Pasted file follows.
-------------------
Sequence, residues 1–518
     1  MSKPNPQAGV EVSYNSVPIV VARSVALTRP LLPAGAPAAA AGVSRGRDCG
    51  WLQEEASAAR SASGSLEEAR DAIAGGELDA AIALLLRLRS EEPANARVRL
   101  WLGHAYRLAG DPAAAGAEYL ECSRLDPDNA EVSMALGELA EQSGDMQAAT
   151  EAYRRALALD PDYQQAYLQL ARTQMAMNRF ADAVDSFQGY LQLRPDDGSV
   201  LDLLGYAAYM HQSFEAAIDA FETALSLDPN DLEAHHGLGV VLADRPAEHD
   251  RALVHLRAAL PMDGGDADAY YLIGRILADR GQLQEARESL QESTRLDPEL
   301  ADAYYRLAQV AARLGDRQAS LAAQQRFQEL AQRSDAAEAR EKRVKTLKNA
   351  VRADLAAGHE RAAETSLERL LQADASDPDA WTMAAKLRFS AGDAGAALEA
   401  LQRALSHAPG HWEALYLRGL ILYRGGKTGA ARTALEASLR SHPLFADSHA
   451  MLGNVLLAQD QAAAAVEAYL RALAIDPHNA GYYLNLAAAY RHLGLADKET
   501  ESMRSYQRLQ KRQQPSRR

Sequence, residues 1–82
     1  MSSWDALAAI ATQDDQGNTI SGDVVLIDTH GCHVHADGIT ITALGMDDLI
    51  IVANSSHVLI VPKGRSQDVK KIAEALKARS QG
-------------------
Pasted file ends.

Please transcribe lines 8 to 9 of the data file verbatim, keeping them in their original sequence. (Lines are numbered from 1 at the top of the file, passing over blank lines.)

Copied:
   301  ADAYYRLAQV AARLGDRQAS LAAQQRFQEL AQRSDAAEAR EKRVKTLKNA
   351  VRADLAAGHE RAAETSLERL LQADASDPDA WTMAAKLRFS AGDAGAALEA